A study conducted with students revealed an exacerbation of depression and physical pain in people most prone to this type of behavior
An environment with more freedom to establish and organize routines can be a dream for many people, but it can be a nightmare for habitual procrastinators. Procrastination, the act of putting off or delaying tasks, in university settings, for example, can reach levels that are detrimental to learning. Putting off tasks to the limit can have other negative effects, leading to higher stress levels, unhealthy lifestyles, and postponement of routine appointments and medical follow-ups.
Although procrastination and illness may be related, it’s hard to say who causes what. Procrastination is a factor of physical and mental health problems or vice versa, poor physical and mental health leads to scenarios that lead to procrastination. A study of university students in Sweden seeks to shed light on this issue. The work, published in the JAMA Network Open journal, recruited volunteers with strong procrastination tendencies and followed their health for nine months.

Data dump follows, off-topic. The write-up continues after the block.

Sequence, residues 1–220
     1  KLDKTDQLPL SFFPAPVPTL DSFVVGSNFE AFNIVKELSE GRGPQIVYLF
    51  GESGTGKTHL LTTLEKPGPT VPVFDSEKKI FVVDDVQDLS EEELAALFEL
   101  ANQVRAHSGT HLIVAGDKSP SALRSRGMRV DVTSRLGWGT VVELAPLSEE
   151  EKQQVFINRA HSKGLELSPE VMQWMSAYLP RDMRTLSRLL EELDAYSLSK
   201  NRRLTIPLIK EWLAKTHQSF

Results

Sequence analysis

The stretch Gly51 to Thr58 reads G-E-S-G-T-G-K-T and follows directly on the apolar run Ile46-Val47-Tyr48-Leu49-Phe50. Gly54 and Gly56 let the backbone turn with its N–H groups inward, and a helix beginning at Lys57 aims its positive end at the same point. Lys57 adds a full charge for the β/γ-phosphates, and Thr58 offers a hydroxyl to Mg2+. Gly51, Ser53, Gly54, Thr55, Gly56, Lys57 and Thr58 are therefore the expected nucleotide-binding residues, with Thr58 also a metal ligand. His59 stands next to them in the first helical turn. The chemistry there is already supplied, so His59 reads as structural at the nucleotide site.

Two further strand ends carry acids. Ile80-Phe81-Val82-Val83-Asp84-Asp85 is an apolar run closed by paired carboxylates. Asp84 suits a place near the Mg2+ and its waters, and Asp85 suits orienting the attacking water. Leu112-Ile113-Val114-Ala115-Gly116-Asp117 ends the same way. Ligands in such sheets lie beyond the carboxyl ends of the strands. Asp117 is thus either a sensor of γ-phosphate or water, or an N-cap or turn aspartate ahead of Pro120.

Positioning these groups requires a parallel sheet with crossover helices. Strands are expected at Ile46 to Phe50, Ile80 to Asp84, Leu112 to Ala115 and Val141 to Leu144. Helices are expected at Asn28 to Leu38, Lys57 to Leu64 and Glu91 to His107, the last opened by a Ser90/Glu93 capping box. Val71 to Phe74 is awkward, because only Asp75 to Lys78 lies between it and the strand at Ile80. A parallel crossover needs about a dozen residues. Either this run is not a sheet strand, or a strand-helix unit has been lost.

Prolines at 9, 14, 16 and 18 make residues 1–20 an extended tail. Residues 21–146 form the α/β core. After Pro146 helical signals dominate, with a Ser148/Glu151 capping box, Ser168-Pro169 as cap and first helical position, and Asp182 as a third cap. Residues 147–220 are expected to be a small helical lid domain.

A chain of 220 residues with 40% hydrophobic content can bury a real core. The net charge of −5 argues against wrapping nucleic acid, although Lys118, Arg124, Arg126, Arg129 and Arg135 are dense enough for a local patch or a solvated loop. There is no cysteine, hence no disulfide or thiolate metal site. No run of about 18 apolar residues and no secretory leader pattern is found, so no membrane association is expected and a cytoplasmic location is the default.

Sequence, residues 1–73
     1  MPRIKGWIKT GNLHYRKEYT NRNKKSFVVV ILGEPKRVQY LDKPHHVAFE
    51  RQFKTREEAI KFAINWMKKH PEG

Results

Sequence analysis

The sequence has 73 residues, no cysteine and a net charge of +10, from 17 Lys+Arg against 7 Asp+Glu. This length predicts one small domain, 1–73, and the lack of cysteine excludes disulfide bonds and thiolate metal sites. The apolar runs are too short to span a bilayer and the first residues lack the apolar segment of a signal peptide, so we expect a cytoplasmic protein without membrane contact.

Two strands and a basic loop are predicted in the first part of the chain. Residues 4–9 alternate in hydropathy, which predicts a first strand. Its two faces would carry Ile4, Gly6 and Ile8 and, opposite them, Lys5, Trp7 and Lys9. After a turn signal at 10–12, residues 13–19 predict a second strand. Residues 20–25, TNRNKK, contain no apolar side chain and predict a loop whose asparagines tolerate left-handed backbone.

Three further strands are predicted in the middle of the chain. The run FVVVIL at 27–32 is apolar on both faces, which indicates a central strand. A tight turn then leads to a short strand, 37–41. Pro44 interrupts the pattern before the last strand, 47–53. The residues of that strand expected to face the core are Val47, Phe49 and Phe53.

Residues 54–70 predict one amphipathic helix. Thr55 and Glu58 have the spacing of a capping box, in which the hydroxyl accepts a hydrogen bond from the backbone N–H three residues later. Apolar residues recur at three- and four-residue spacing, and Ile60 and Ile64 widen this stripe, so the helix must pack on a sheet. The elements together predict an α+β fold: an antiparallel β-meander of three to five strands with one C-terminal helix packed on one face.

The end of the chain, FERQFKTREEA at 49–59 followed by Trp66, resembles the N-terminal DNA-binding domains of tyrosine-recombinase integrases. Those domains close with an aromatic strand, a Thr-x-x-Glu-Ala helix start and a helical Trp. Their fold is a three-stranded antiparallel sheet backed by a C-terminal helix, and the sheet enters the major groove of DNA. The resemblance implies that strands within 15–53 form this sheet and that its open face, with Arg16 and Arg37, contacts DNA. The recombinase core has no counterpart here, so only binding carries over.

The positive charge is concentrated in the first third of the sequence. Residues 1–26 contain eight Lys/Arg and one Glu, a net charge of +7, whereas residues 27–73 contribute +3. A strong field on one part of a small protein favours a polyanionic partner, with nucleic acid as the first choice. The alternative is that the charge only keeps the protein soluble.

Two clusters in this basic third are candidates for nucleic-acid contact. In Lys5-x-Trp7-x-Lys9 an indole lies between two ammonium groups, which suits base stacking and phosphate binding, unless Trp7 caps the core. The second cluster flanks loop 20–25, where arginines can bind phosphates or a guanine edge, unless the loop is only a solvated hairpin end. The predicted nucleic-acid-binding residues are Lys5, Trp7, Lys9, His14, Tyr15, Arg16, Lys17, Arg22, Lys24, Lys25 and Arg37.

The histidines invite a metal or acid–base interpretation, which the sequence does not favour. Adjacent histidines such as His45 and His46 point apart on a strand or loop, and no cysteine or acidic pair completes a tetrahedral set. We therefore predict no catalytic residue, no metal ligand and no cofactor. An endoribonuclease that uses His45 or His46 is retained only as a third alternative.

A questionnaire was applied in which a measure of procrastination was created and health indicators of students who have a greater tendency to this type of behavior were compared with those who have a lower tendency to adopt these habits. The results showed that among the biggest procrastinators, there were stronger symptoms of depression, anxiety, and stress at the end of the follow-up period. Among these, there were also more reports of disabling pain in the shoulders and/or arms, poorer sleep quality, greater feelings of loneliness, and more financial difficulties. When other indicators, such as age, gender, parental education, and previous physical or mental problems, are included, the association between illness and procrastination remained stronger among those who were more likely to engage in the behavior.
The cited data are not definitive, and do not indicate a greater propensity to illness when people are prone to procrastination, but they do indicate that procrastination is a factor that interferes with the worsening of conditions in some health indicators, including deteriorating mental health, suffering from disabilities, and adopting an unhealthy lifestyle.
The study began with the follow-up of 3,525 students, of whom 2,587 remained until the end of data collection. The questionnaire detected stages of procrastination from the beginning of the experiment and the questionnaires were administered continuously for nine months to detect differences in health and procrastination.